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When it Comes to Renovation and New Construction, it’s Worth Hiring a General Contractor

When looking at hiring a general contractor one of the biggest questions often asked is who is a general contractor? Essentially a general contractor is a person that takes on the headache of contracting with others but leaves the construction projects up to the contractors themselves. A general contractor, principal contractor or subcontractor is in charge of the day-to-day supervision of a construction site, coordination of trades and vendors, and the dissemination of details to all involved parties during the course of a construction project. Without their experience, it would be difficult for them to perform even basic tasks like estimating materials and labor, arranging for necessary permits, negotiating terms of contracts, scheduling subcontractors and getting on with your business.

However, the right way and wrong way to hire these contractors is something many people don’t know or have not given much thought to. In most instances, it’s best to hire a general contractor the first time you’re asked to submit a project bid. This puts you in an advantageous position because the bids are already structured by professionals and include all the required elements necessary to hire the right contractors. For example, most bids for general contractors require some sort of licensing requirements. It’s the job of your bids inspector (or your construction manager) to review the contracts to determine if any licensing requirements are present and, if so, what those requirements are.

A qualified general contractor will have completed the relevant training and be in a position to perform the various duties necessary for any given construction project as efficiently as possible. He will have experience in coordinating multiple trades and multiple vendors and be able to take on large jobs without having to learn the ropes from the ground up. Your architect will be happy to submit bids and communicate issues and concerns effectively and efficiently so the project manager can resolve them quickly and without complications.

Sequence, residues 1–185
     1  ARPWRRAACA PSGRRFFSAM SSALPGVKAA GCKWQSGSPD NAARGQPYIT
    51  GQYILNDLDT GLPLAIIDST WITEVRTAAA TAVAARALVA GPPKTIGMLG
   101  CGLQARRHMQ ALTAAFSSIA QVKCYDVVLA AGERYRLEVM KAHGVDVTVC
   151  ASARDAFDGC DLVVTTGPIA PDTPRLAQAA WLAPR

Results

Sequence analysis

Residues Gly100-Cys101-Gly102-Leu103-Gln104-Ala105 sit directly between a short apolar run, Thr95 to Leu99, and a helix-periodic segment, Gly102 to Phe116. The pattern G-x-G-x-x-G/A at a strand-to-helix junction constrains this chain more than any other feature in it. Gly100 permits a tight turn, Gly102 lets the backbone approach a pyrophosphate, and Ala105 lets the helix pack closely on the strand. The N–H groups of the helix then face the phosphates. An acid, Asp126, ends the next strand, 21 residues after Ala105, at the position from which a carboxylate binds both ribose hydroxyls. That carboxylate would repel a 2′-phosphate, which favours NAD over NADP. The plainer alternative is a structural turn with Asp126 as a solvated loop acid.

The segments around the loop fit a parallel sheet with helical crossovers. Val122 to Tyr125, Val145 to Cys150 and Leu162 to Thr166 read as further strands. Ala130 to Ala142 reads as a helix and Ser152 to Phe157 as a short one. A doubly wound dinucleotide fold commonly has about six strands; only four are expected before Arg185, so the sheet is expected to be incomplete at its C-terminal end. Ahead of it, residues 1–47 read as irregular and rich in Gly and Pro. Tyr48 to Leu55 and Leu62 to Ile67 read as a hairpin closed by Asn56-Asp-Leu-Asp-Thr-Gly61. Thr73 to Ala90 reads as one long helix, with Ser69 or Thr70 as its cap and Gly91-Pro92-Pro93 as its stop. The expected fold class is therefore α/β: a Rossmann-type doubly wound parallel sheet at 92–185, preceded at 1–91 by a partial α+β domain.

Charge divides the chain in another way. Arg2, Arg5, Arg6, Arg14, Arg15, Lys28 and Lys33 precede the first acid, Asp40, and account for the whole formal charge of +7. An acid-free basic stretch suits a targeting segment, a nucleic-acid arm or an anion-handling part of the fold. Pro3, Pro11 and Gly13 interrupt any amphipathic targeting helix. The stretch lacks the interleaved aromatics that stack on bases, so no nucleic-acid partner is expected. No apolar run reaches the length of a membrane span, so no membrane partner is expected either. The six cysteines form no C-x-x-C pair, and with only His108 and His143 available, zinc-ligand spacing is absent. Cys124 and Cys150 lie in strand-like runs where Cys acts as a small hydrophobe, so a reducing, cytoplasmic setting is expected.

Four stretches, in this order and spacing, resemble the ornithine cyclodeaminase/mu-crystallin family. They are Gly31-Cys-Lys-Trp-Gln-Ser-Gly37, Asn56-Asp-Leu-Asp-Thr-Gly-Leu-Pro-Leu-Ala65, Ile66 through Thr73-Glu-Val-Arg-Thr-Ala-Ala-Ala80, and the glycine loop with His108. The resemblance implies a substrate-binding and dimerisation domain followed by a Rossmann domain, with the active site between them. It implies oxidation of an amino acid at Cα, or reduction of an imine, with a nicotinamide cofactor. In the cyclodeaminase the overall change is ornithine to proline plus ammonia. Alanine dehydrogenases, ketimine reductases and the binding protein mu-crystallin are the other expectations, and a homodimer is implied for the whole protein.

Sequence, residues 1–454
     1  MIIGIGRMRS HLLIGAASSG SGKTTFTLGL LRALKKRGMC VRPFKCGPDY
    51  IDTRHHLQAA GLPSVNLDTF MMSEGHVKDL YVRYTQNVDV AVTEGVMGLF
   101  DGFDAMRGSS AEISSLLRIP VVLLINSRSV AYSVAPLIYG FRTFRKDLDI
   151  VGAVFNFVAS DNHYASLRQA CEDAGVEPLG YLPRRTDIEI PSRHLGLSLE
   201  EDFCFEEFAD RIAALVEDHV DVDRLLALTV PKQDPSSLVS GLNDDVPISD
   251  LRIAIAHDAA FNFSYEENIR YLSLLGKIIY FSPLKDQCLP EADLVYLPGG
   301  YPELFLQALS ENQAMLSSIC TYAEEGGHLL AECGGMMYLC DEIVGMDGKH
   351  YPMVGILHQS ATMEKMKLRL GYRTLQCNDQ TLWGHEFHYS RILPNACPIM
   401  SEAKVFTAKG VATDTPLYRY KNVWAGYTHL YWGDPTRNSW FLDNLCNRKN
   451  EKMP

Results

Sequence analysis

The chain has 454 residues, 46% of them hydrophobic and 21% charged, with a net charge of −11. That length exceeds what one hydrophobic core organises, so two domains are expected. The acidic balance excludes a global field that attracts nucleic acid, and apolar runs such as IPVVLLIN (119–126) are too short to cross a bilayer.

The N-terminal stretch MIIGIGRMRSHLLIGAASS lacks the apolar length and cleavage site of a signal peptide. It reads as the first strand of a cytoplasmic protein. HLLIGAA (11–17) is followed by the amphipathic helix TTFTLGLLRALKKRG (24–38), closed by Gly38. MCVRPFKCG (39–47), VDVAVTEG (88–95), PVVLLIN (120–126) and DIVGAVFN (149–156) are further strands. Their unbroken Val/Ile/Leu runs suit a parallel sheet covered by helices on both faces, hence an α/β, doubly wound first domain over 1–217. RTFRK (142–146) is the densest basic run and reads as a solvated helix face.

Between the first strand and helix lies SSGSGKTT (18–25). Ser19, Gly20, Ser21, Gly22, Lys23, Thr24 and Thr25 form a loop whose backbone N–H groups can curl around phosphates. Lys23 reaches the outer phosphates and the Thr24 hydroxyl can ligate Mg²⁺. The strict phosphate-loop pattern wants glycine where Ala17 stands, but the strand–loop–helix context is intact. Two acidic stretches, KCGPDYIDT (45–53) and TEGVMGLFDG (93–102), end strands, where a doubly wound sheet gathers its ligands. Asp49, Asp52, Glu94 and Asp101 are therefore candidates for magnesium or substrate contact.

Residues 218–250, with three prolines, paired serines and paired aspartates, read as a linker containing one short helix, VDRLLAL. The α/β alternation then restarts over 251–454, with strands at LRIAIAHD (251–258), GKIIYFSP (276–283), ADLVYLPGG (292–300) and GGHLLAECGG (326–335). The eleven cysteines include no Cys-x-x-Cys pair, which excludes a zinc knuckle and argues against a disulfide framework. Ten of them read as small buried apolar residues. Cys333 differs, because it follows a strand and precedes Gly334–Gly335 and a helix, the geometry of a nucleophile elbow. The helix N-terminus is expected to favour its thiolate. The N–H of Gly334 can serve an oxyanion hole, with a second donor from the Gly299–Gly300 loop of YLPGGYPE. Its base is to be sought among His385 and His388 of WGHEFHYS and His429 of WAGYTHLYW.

Once you’ve selected your general contractor contractors, then it’s time to sit down with them and prepare the bid documents. In most cases, this will be broken down into several major sections: contract installation/negotiation/refurbishment/overall completion; and contract administration/planning/contract reviews/payment terms. In the case of renovations, you’ll probably need to also include: architectural design & review, contractor’s qualification, preliminary/pre-qualification consultations, contract implementation & negotiation, contract review & certification, and financial statement review.

Once you have reviewed your documents, your architect should be ready to submit his bid, providing a detailed description of his work and what he expects to receive for it. You should also be impressed by the general contractor’s ability to respond to your questions, to his proposal and to his willingness to work within your budget. The general contractor should be willing to meet your deadlines and make good on your money.

If you find the general contractor to be a good fit for your project, he is likely to provide you with a written offer, a schedule, a bid package and a detailed proposal of his work. When you are reviewing this bid package, you can look for: – Is there a contract management policy? – Does the general contractor have a construction schedule? – Are there any major deviations from the schedule proposed?

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